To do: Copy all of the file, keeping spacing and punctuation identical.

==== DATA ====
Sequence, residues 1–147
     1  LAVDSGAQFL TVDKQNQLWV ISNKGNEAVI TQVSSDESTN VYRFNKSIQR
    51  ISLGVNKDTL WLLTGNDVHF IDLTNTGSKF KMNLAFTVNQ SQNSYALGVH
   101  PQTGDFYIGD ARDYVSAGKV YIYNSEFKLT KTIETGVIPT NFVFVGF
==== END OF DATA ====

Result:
Sequence, residues 1–147
     1  LAVDSGAQFL TVDKQNQLWV ISNKGNEAVI TQVSSDESTN VYRFNKSIQR
    51  ISLGVNKDTL WLLTGNDVHF IDLTNTGSKF KMNLAFTVNQ SQNSYALGVH
   101  PQTGDFYIGD ARDYVSAGKV YIYNSEFKLT KTIETGVIPT NFVFVGF